The plan was released to generally positive reviews from public interest and business leaders. Some public interest advocates expressed concern that the plan did not propose to foster more competition in a broadband market. For example, the broadband plan found there to be “reasons to be concerned about wireline broadband competition in the United States.”
President Obama commended the plan, and the Obama administration endorsed the spectrum goal in a speech by National Economic Council Director Lawrence Summers. At the end of Genachowski’s tenure, 87 percent of the action agenda had been acted upon. Additional agenda items were never provided.
Connect America Fund
Under Genachowski, the FCC overhauled the $9 billion per year Universal Service Fund (USF) into a program that supports universal broadband service rather than phone service. The new Connect America Fund was approved unanimously by the FCC in October 2011 and launched in April 2012, and maintains the same annual budget as USF.
The FCC projects the Connect America Fund will help connect over 19 million Americans to broadband, mostly in rural areas. In July 2012, the FCC announced the first phase of the program which, over three years, pairs $115 million in public funds with private investment to bring high-speed Internet to 400,000 residents and businesses that lack access.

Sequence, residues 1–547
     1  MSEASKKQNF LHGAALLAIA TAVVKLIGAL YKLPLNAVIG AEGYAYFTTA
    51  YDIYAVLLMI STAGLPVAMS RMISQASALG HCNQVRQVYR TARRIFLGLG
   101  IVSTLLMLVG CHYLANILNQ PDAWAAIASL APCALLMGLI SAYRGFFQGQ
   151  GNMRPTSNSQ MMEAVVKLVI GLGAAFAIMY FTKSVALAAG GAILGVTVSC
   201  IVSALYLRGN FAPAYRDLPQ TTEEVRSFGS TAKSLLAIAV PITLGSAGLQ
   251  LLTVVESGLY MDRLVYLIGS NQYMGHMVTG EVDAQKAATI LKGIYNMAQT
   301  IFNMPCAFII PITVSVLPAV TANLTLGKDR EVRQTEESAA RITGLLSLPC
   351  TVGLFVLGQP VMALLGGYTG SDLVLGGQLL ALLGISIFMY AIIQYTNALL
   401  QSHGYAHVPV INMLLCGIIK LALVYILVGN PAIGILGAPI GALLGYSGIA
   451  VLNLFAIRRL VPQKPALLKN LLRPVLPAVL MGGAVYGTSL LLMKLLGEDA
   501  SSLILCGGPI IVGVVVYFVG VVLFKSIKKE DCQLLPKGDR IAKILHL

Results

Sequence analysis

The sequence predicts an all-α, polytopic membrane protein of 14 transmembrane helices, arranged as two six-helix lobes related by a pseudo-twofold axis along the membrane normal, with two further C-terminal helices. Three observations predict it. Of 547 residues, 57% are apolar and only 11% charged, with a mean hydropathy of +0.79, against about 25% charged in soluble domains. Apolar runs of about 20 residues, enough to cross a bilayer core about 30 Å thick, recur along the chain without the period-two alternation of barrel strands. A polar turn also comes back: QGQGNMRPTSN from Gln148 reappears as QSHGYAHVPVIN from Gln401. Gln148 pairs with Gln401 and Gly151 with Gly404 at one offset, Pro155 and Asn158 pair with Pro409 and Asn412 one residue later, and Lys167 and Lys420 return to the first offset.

As part of the reforms, the FCC identified mobile broadband as a Universal Service goal for the first time. The Connect America Fund includes a Mobility Fund specifically to bring 3G and 4G wireless broadband to unserved areas.
Genachowski has warned of a “spectrum crunch” of public airwaves, in which demand for mobile broadband service outstrips the availability of spectrum. Numerous experts have disputed claims that a “spectrum crunch” exists.
Genachowski and his team have pushed for incentive auctions of broadcast television spectrum—a proposal in the National Broadband Plan to allow spectrum license-holders to supply spectrum for auction and receive a share of the proceeds. The plan received criticism from some television broadcasters, who said it favored mobile broadband deployment goals over their industry. The auctions gained bipartisan support from U.S. lawmakers and praise from wireless and tech companies as a way to promote investment in wireless networks and drive further innovation.
Incentive auctions were passed by U.S. Congress and adopted into law as part of the deal to extend the payroll tax cut. Genachowski announced the process would be advised by a team of auction economics experts, led by economist Paul Milgrom.
Genachowski has pushed for spectrum sharing between current government and commercial wireless users in order to improve network capacity. He has also advocated for the preservation and use of unlicensed spectrum bands as platforms for innovation, citing the success of Wi‑Fi, which uses unlicensed spectrum. The FCC has set aside spectrum for unlicensed use.